In early 2020, most of us knew much less about what technology was out there to help us communicate with friends and loved ones, manage our wellbeing, exercise and keep motivated.
But our shared experience of lockdown has made us much more aware of the tech that’s available and how it can bring us together in times of isolation.
That’s really helped to change my perspective on how technology can play a vital role in helping people with a brain injury cope with isolation.
Technology can help with everything from staying in touch with loved ones to mindfulness, music therapy, health monitoring and goal setting.
In short, technology can help life continue after brain injury, and can play a big part of any care plan.
My Experience of Lockdown Isolation
As the parent of a 12-year-old only child, I was acutely aware of the effects of isolation during the first lockdown.
He couldn’t socialise with other children his own age, was thrown into a new world of home schooling, and his only company was his parents who were working from home.
For much of the day, my husband and I were on Skype and Zoom calls with work, and a few times I would go downstairs to find him in floods of tears, even though he’s usually such a happy, fun loving child.
His very close bond and relationship with his grandparents was taken away overnight due to social restrictions and their vulnerability.
But it wasn’t long before things improved.
Embracing Tech to Stay Connected
We learnt how to Zoom and how to play and create our own Kahoot quizzes. My son’s Scout organisation were fantastic and arranged weekly Zoom meetings and there was even a virtual Zoom camp arranged.
The PE teacher at his school started a daily YouTube fitness session and I made the time to do this with him every day.
Then the school guitar lessons were arranged by the local authority on Zoom, which was a real boost and quite a cathartic experience, as it let him have fun and release some of those tensions.
We arranged Zoom calls with the grandparents and grandma even stepped in to help out with home learning, imparting her knowledge on Shakespeare to bring A Midsummer Night’s Dream to Life.
I also had to relax the rules slightly on the use of the PlayStation, as this really was a great way for my son to stay in touch with his friends.
Personally, I found the use of my Fitbit a real boost to help my morale and motivation and I finally got to grips with setting my goals and measures and signed up for a virtual race.
I also learnt how to stay connected with friends and colleagues on Strava. Simpson Millar set up a Movers club on Strava, which has been very motivational. You know you are not alone. I was really touched when a colleague checked in on me to see if I was alright after they noticed I hadn’t been out and about on our Strava Club for a while.
A New Understanding of My Clients’ Lives
I’m sure my experience is fairly typical of families all across the country, as many of us will have struggled with the isolation of lockdown.
But imagine how you would feel if your child suffered a life changing injury and you were cut off from your support network from family and friends.
My lockdown experience has really helped enhance my understanding of what the world of social isolation can really be like for the clients and families we support.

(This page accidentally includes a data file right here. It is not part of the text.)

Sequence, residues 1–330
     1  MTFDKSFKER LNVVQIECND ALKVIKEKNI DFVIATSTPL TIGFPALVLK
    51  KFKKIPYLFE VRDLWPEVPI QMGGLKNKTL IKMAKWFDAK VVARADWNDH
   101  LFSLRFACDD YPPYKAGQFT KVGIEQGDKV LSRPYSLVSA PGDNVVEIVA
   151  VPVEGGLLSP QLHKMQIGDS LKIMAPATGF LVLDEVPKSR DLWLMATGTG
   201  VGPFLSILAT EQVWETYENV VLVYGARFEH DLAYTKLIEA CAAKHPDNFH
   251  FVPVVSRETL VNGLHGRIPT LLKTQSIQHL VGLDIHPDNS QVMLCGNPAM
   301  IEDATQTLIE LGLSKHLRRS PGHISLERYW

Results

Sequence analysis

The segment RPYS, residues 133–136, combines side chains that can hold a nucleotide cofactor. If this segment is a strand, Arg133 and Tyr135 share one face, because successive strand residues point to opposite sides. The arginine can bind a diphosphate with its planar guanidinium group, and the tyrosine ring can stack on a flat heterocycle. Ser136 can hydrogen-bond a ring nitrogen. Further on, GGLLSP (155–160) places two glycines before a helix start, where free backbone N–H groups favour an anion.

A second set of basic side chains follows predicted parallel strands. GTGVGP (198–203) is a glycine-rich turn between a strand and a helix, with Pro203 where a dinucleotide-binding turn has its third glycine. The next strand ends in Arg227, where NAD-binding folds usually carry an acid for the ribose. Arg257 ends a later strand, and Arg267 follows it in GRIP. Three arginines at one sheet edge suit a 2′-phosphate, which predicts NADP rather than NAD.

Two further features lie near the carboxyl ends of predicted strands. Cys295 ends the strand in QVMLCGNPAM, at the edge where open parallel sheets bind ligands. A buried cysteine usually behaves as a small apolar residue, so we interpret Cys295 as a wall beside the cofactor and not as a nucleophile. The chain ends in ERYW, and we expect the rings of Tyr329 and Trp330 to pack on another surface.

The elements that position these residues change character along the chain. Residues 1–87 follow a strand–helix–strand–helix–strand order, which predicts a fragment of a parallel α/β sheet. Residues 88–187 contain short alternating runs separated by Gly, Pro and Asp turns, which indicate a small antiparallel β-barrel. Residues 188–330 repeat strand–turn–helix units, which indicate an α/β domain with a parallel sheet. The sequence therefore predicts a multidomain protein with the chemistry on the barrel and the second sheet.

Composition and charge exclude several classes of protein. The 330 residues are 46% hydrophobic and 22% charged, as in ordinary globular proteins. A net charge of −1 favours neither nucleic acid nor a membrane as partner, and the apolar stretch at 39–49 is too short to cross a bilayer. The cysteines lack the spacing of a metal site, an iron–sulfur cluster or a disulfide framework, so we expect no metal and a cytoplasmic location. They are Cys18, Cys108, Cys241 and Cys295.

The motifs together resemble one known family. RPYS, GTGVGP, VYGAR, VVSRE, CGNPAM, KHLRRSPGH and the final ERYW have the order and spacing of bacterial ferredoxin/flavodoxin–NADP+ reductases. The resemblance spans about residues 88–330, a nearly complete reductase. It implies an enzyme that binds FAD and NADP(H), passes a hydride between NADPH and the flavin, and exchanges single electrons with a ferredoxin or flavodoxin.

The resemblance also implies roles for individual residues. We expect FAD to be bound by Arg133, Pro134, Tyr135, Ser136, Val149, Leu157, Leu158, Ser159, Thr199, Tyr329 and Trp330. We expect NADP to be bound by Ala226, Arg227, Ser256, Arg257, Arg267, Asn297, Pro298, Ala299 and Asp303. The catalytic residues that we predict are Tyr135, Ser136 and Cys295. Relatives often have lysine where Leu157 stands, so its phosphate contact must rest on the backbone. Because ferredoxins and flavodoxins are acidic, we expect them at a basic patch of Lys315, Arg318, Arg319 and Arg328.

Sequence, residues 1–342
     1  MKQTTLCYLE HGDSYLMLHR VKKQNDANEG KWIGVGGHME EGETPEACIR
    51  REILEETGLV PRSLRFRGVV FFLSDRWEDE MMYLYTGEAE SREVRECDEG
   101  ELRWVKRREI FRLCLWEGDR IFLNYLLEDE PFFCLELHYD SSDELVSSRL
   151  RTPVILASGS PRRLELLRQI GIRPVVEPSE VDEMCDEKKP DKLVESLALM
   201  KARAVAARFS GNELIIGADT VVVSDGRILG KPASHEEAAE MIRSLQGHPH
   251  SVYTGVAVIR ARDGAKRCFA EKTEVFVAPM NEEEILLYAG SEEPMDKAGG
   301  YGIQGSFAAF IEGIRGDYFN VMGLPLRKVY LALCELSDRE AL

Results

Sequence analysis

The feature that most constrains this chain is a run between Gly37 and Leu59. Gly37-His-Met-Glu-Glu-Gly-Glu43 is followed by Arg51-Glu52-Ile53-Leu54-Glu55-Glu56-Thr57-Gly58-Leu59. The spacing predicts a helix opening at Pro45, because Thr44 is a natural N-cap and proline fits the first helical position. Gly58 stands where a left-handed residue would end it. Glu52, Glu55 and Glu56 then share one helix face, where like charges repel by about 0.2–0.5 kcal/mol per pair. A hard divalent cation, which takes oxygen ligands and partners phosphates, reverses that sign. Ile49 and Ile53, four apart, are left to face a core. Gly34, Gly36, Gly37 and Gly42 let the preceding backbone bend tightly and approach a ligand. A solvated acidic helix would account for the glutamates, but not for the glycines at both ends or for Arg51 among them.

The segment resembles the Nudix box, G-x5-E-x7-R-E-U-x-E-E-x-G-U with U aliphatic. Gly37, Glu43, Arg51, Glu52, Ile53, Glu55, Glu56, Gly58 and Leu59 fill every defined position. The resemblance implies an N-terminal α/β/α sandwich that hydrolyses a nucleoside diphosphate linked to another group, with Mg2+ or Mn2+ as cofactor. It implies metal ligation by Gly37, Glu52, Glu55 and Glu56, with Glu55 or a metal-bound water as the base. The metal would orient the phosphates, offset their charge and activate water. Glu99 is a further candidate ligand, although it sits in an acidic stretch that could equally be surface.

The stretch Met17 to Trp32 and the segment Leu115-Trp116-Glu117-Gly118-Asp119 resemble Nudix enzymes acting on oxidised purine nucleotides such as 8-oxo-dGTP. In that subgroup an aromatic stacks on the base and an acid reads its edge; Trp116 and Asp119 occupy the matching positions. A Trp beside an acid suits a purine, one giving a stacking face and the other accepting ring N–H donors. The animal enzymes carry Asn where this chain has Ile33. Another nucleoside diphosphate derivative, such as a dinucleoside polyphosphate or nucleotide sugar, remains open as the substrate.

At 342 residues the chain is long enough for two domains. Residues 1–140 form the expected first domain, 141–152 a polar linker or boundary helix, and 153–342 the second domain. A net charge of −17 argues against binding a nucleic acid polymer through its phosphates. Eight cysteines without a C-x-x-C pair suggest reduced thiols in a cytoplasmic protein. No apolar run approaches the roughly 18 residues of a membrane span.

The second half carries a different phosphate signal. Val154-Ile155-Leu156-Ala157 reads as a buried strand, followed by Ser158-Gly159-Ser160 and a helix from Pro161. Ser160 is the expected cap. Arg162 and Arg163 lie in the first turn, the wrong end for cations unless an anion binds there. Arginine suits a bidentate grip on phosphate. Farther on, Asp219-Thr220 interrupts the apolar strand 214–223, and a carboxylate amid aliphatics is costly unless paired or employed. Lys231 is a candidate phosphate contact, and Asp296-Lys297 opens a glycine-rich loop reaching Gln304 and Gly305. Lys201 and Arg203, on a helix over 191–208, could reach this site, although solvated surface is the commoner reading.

I was overwhelmed at the thought of how scared some seriously injured children who were in hospital must have been in the early days of lockdown. During this time, social restrictions meant only one parent could be with them in hospital, and this must have been extremely tough on the other parent and close family too.
During the first lockdown, we at Simpson Millar worked to raise funds and donate iPads to hospitals, so families could stay in touch with their loved ones in hospital, and I was very proud to support and be involved in this effort.
This was part of the Stay Together campaign, led by the inspirational nurse Leona Harris, and was at first focused on keeping Covid patients connected.
But we quickly realised the impact on children who couldn’t connect with all their parents and families in hospital, and were delighted to be able to donate iPads to some children’s units too.
Positive Response from Hospitals
We’ve had great feedback and been told that the iPads are being used for much more than just keeping in touch.
For example, patients are using apps to help with speech, language and cognitive function after sustaining a brain injury. This really has enriched my experience of just how great tech can be in the early rehabilitation process.
My own personal experience, the shared experience of the families we work with and the feedback from clinicians we donated the iPads to has hugely changed my view on the role of technology in improving people’s lives.
The Child Brain Injury Trust (CBIT), a charity we’re proud to support, has certainly recognised the benefits of technology, as it has launched its own app. This has opened up a whole new world to the families who might find it difficult and overwhelming to access the support they need, particularly in the current climate.
I strongly believe we all need to play our part to raise awareness and help children and their families get the vital support and tech they can benefit from in times of isolation.
It’s clear from all our experiences over the last year just what a big difference technology can make in helping isolated people live their lives.
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